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Relationships between ERP leadership competences and perceived client satisfaction and moderating effect of implementation context

Adu, O. (2020) Relationships between ERP leadership competences and perceived client satisfaction and moderating effect of implementation context. DBA thesis, University of Reading

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To link to this item DOI: 10.48683/1926.00097751

Abstract/Summary

The current thesis focuses on Enterprise Resource Planning (ERP) system implementations, investigating the significance of ERP managers’ leadership competences on perceived client satisfaction and how the ERP context moderates that relationship. It reviews the impact of contextual problems and the hurdles to be circumvented during the implementation and their influence on ERP leaders’ ability to achieve perceived client satisfaction. In doing so, the current study attempts to remedy the dearth of literature considering context in relation to ERP leadership and client satisfaction; moreover, adding further support to the foundations of the Contingency Theory - applied in the ERP context - by proposing a model of ERP leadership competence-based theory of perceived client satisfaction. As noted by Saxena and McDonagh (2019) user perception and user satisfaction are considered highly crucial for implementation success in both research literature (Chevers, 2018; Mekadmi and Louati, 2018) and by implementing organisations (Sumner, 2018). Likewise, a considerable amount of research has been conducted into critical success factors, or CSFs, for ERP implementations (e.g. Holland & Light, 1999; Sumner, 1999; Willcocks & Sykes, 2000; Ram & Corkindale, 2014; Costa, Ferreira & Aparicio, 2016; Vargas & Comuzzi, 2019). However, for the current research it has been identified that bringing context into the picture will help to focus such discussions and help converge findings to much more generalisable and useable outcomes and proposals. The ERP implementation train, due to its heavy dependence on Business and Information Technology (IT) skills, would typically have onboard, a diverse multicultural people, a disparate set of processes and several unrelated traditional systems and technologies, all led and driven along the implementation journey by the manager, usually referred to as: project manager, program manager, implementation manager, project leader, and other possible names based on the role definitions set out for a particular implementation. The implementation would normally play out within the organisational dynamics of the day, referred to in the current work as the ERP implementation context. The research employs a quantitative approach. An initial pilot study was conducted, using six semi-structured interviews with ERP program and project management practitioners in Sweden, Germany, Canada, United States and the United Kingdom. The six interviewees were all experienced program and project managers who have managed ERP implementations for several years. Each interview took roughly one hour. The aim of the study was to generate vi insights from practitioners to be used in building preliminary constructs for the concepts in the research model, such as the ERP implementation context, managers’ competences and client satisfaction. Results from the pilot study were used as a basis for development of the latter questionnaire distributed to gather data on managers’ leadership competences, ERP implementation context and perceived client satisfaction. In all, 83 responses were further analysed to test the hypotheses using quantitative analysis techniques including factor analysis and moderated hierarchical regression analysis. The results indicate that the competences: Emotional Intelligence, Leadership Performance, Follower Commitment, Team and Peer Cooperation and Project Management Knowledge are significant predictors of Perceived Client Satisfaction (PCSAT), with Follower Commitment as the strongest predictor of PCSAT. No significant effects were noted for Delivery Capabilities and Offshore Team Relations. The research also found that moderators: Resource Availability Problems, Cultural problems and External Partnership Problems showed highly significant impacts on the strength of the relationship between the independent variables and the dependent variable with Resource Availability problems showing significance across three of the moderated regression analyses carried out. However, cultural problems showed the highest singular significance as a moderator on the relationship between Follower commitment and Perceived Client Satisfaction. The study adds further support to the foundations of Contingency theory by providing a Model of ERP Leadership-Competence-based Theory of Perceived Client Satisfaction. It is expected that further contributions may be found when harnessing the outcomes of the study to develop required leadership competences to positively affect and tackle problems arising from an ERP implementation context. Furthermore, as follower commitment is illuminated as a highly important antecedent to perceived client satisfaction, to use this information to both select implementation team members and to influence the commitment of the team positively.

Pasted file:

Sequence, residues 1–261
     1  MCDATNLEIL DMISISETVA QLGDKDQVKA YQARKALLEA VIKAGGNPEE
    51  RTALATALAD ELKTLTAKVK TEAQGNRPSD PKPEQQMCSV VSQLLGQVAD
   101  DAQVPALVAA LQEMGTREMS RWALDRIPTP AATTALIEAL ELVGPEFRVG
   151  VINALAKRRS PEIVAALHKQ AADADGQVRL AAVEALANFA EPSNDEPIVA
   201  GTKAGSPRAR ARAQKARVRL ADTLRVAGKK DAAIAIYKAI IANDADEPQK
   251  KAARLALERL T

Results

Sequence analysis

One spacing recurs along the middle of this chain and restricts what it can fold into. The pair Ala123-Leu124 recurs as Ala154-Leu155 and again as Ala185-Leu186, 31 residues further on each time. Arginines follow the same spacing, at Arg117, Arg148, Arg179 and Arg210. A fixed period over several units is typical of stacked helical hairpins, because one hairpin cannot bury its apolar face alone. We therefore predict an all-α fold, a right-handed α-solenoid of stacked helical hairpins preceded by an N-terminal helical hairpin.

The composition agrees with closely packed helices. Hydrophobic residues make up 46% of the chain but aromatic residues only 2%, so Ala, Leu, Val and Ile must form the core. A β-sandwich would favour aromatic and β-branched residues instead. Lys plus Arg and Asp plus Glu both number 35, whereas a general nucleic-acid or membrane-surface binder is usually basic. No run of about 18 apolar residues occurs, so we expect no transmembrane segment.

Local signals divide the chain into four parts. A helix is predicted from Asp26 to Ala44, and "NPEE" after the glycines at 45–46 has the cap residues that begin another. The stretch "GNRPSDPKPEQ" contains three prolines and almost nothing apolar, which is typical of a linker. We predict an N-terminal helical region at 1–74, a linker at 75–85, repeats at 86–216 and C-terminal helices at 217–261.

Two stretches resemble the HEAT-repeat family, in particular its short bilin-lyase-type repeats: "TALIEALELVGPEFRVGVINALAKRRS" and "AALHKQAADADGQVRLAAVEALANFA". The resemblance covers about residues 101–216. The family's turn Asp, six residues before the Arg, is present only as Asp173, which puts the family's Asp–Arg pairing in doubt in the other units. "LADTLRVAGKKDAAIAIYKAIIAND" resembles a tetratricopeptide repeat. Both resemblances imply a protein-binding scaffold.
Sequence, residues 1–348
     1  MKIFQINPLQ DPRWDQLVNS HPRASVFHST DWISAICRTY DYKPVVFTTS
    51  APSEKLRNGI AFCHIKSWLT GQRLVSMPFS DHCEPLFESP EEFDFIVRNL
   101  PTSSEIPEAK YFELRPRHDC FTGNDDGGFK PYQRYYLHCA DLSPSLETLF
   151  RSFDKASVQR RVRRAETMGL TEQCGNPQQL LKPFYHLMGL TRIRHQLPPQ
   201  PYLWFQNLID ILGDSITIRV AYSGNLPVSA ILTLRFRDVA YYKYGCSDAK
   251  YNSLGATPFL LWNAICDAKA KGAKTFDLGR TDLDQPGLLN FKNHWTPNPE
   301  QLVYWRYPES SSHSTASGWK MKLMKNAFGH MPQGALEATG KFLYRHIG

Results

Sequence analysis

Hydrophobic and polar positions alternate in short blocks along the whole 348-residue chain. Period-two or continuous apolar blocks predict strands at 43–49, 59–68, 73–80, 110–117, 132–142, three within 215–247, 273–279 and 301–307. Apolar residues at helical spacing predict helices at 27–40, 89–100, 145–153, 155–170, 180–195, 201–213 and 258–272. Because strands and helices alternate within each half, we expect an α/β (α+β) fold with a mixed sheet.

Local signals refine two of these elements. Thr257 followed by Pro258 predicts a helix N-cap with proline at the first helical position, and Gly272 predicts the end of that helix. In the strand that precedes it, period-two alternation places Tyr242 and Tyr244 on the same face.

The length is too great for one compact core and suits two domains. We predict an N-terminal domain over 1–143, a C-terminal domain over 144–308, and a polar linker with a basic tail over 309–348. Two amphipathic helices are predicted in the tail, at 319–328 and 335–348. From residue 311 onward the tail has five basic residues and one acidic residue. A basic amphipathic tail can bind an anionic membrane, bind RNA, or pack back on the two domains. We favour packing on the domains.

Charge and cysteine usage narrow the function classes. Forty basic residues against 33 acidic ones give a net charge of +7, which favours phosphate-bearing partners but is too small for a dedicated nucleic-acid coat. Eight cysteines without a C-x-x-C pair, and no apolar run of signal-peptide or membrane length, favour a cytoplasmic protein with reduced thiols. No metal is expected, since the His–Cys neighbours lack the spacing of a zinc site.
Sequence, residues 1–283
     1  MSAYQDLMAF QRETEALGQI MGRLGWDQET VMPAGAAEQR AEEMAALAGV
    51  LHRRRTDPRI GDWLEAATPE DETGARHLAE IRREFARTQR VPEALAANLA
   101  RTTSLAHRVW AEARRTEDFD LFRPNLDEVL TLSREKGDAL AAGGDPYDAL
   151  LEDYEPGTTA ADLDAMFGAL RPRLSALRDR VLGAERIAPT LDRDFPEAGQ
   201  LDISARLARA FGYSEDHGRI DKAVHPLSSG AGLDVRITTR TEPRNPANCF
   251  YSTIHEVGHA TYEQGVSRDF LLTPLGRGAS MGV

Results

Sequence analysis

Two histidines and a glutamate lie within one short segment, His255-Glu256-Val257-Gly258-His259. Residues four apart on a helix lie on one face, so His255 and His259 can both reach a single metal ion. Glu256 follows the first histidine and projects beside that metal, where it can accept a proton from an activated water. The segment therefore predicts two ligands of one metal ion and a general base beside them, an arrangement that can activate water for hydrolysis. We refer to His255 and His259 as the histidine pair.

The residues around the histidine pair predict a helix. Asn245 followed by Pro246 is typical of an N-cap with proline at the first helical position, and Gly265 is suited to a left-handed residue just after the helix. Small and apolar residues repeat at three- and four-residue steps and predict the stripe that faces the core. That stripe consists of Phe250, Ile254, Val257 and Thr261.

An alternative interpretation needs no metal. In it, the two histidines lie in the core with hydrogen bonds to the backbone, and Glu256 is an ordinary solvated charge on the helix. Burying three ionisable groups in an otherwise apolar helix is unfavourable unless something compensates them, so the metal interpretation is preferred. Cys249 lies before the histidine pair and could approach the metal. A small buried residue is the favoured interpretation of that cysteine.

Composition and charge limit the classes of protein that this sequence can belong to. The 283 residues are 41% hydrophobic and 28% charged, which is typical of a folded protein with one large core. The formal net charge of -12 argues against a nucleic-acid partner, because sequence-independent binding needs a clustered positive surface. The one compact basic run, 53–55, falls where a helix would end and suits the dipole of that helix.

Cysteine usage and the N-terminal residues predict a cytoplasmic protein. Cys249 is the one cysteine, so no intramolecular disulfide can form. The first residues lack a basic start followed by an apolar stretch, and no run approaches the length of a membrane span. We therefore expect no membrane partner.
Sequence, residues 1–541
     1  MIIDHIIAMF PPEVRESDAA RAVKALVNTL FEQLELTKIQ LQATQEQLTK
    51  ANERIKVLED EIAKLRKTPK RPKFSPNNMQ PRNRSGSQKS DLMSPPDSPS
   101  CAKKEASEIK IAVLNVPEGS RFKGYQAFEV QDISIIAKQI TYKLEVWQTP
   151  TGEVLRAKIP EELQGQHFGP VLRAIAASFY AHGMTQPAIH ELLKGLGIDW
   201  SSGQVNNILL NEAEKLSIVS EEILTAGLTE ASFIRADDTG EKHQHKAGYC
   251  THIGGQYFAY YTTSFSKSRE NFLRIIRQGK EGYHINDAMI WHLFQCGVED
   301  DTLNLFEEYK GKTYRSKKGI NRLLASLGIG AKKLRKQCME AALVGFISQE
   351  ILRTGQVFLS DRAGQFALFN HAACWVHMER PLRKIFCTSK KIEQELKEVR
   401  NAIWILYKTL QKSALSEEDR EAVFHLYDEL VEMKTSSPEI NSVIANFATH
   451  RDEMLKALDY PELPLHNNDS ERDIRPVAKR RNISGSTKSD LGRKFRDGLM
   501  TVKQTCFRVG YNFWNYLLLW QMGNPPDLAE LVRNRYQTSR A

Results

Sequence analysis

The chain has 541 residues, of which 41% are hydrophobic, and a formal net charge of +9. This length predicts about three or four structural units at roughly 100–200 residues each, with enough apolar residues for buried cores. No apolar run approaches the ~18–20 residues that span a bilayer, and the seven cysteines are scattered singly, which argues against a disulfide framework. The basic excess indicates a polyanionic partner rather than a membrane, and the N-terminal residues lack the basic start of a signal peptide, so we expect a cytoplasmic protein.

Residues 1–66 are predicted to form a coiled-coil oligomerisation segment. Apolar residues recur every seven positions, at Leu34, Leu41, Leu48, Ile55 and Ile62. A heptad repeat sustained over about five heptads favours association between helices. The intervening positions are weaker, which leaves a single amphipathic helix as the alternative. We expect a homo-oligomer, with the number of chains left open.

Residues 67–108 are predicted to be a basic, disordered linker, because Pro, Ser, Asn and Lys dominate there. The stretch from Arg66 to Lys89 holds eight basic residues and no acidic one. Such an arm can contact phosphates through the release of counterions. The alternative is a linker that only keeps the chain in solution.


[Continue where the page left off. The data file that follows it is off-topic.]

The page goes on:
Item Type:Thesis (DBA)
Thesis Supervisor:Dulewicz, V. and Simister, S.
Thesis/Report Department:Henley Business School
Identification Number/DOI:https://doi.org/10.48683/1926.00097751
Divisions:Henley Business School > Leadership, Organisations and Behaviour
ID Code:97751
Date on Title Page:2019

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